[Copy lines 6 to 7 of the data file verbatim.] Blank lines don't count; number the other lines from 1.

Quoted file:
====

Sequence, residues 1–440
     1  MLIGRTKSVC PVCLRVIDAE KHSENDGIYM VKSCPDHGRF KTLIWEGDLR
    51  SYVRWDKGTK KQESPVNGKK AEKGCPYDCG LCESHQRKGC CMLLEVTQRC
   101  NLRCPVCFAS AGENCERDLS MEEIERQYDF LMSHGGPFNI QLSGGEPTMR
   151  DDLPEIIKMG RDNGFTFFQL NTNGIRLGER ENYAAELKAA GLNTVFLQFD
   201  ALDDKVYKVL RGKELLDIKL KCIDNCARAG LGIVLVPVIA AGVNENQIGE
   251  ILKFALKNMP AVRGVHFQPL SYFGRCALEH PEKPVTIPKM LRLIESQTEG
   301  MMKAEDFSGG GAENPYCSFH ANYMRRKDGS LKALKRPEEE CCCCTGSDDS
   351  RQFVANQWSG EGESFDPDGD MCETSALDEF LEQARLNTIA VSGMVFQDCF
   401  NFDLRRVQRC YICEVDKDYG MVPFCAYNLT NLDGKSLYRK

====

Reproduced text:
   201  ALDDKVYKVL RGKELLDIKL KCIDNCARAG LGIVLVPVIA AGVNENQIGE
   251  ILKFALKNMP AVRGVHFQPL SYFGRCALEH PEKPVTIPKM LRLIESQTEG